FAW-Volkswagen Audi’s plagiarism controversy shows rising IPR awareness in China
Published: May 22, 2022 10:48 PM Updated: May 22, 2022 10:43 PM

The intense public outcry and discussion on Chinese social media over FAW-Volkswagen Audi’s ad plagiarism controversy underscores growing public awareness of intellectual property rights (IPR) in China in recent years, thanks to a confluence of factors, including China’s robust efforts to protect IPR, the leapfrog in Chinese firms’ innovation capabilities and increasingly mature Chinese consumers, analysts noted.   

FAW-Volkswagen Audi, German carmaker Audi’s Chinese joint-venture, apologized on Sunday after one of its new video ad on Chinese social media featuring Hong Kong star Andy Lau was accused of copying from a Douyin influencer. Audi removed the video and urged London-based ad agency M&C Saatchi, which produced the video content, to investigate and deal with the incident.

M&C Saatchi apologized on Sunday, saying that its Audi team “lacks copyright awareness.” Lau also issued an apology and said he has 100 percent respect for originality. 

The incident instantly aroused discussion and concern among official media and netizens about patent and copyright protection in China, with many people urging tougher punishment for this kind of infringement to “give justice back” to original content creators. 

Although Audi and others involved in the incident had apologized on Sunday over the issue, Chinese consumers will not easily turn the page, given the rising public awareness of and maturing legal safeguards for protecting IPR, experts said. 

From a legal perspective, Audi is suspected of copyright infringement by using the text from the original author's video without authorization, Zhao Zhanling, a research fellow at the Center for IPR Studies at China University of Political Science and Law, told the Global Times.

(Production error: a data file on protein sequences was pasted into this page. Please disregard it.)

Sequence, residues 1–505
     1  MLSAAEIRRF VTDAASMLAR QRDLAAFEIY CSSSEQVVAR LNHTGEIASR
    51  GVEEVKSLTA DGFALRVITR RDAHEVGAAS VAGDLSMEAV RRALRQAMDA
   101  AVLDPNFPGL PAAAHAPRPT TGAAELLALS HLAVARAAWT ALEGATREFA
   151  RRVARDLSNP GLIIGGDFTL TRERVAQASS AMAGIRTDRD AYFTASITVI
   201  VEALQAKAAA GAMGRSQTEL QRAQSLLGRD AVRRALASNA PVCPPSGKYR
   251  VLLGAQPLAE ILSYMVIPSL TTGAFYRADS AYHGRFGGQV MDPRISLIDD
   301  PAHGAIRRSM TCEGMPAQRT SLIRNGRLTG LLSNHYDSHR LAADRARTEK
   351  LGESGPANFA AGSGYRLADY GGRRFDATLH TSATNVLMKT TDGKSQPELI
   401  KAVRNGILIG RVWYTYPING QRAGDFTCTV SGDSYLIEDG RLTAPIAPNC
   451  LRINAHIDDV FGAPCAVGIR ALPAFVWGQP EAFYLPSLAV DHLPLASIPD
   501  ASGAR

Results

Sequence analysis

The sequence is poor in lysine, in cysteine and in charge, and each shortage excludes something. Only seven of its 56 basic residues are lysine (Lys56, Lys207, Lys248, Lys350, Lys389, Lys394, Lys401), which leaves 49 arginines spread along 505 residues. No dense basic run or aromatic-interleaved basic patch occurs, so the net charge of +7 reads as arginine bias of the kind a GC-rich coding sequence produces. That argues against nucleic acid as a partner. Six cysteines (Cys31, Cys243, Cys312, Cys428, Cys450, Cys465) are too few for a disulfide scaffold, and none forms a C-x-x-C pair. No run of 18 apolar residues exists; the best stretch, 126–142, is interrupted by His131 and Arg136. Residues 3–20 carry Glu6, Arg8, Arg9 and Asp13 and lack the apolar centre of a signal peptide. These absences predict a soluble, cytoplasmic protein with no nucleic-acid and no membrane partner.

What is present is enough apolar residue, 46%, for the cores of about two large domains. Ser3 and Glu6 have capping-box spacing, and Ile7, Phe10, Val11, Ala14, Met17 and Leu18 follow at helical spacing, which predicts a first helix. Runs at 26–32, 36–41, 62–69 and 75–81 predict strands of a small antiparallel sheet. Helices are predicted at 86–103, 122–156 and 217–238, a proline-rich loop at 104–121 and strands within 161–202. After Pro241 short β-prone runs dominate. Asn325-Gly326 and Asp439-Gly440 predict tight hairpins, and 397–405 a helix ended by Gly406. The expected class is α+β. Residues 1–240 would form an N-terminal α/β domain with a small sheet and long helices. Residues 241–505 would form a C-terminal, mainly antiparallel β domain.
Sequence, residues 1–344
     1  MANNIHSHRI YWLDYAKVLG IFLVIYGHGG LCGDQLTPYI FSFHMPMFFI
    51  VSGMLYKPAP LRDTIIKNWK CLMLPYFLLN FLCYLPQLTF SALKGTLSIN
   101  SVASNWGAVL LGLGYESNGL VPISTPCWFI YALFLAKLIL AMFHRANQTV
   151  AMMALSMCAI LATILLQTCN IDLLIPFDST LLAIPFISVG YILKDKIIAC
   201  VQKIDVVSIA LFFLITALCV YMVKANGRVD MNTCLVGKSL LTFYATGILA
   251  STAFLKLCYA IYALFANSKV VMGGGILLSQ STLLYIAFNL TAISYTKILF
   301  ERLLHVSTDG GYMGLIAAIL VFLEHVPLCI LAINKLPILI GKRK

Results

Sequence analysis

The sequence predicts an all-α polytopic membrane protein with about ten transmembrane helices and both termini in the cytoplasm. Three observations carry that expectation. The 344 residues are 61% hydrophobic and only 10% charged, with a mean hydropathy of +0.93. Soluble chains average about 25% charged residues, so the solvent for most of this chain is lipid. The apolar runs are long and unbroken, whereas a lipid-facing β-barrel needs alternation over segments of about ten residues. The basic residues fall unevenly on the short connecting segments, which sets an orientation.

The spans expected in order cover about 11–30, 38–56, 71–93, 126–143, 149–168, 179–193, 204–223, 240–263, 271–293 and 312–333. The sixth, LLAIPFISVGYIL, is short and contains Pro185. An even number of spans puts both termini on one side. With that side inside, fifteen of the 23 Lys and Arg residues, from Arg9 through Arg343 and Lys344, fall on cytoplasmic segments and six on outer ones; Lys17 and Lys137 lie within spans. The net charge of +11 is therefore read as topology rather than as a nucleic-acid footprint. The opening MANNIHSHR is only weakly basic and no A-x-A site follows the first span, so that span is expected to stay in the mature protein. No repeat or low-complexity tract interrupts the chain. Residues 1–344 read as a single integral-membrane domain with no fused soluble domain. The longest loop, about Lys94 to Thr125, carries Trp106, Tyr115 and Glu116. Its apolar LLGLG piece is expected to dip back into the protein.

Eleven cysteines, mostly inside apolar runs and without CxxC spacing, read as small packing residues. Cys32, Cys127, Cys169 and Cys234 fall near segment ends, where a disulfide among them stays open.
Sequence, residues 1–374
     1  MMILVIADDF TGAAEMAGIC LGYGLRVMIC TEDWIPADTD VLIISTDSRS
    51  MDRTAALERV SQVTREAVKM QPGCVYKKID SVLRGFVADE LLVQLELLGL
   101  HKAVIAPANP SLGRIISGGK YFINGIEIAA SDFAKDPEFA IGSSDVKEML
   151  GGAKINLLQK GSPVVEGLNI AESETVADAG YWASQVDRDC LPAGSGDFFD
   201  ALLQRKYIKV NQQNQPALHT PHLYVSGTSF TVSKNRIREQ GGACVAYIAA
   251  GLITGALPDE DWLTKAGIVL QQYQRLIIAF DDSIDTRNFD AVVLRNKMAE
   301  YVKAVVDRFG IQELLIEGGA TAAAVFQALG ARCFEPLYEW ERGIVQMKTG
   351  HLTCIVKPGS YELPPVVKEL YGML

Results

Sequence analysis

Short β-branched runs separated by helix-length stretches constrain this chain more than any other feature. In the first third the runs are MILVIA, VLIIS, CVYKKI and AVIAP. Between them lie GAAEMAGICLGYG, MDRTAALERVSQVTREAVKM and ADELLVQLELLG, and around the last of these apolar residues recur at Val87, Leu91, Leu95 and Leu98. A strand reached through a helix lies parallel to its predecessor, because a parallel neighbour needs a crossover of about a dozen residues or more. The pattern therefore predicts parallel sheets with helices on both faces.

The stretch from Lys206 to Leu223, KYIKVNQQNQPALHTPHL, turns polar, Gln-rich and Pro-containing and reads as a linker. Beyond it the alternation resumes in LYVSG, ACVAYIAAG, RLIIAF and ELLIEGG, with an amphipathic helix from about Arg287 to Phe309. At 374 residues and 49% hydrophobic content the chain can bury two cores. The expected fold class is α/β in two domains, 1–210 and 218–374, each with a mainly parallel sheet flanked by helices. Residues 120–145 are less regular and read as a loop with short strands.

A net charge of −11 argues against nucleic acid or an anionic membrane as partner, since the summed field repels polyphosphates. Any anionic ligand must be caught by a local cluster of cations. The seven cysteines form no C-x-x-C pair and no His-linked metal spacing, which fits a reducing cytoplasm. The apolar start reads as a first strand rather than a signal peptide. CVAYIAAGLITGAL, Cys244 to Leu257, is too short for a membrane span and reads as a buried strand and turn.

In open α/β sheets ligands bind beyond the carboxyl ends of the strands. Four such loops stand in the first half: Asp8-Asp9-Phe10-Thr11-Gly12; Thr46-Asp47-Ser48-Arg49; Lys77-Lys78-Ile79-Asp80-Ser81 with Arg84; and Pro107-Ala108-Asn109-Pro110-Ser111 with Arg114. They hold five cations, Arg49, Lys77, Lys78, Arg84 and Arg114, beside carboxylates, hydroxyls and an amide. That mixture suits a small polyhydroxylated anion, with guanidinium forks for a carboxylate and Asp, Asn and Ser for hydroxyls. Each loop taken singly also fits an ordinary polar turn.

“Protecting original content is protecting innovation. Plagiarism is an industry scandal, and possible violation of the law, and should be treated with zero tolerance. The incident should not end with an apology, but it should also become an opportunity for  industry reflection on how to build an effective mechanism to prevent this kind of event,” read an article published by the People’s Daily on Sunday. 

The heated discussion underscored an increasing awareness of IPR among the public, Zhao said. 

“In China, all companies, including foreign and domestic ones, are all required to abide by the laws related to intellectual property rights,” Zhao said.

Experts said the Audi case is also a reflection of Chinese content creators’ rising awareness of IPR protection, as more and more Chinese companies are using legal tools to safeguard their IPR in cases where large overseas companies are involved.

According to the State Intellectual Property Office, there were about 28,000 first trials of patent lawsuits in 2020, up 28 percent compared with the previous year. Legal cases involving copyrights and trademarks also increased. 

Many of the cases were suits by Chinese companies against overseas firms, some of which are famous multinational giants. 

A Shanghai tech company sued Apple in the Shanghai High People’s Court in 2021 over patent infringement of Siri voice dialogue services. It asked Apple to stop patent infringement involving Siri, and to stop producing and selling iPhone products involving patent infringement. 

Prior to that, the company sued Apple in August 2020, asking for compensation of 10 billion yuan ($1.49 billion) from the US mobile phone giant over patent disputes. 

In another IPR dispute between Japanese clothing brand Muji and a Beijing company named Beijing Cotton Field Textile Co, a Beijing court recently ruled in favor of Beijing Cotton Field, and asked Muji and its Shanghai subsidiary to pay about 400,000 yuan for trademark infringement. 

According to Zhao, the rising IPR lawsuits show that many enterprises in China and Chinese brands are getting stronger in the international market with more patents in their hands and market competitiveness, Zhao said.

“Therefore, it isn’t rare for Chinese enterprises to sue foreign enterprises for infringement. On the other hand, relevant laws are improving in China,” Zhao said.

Global Times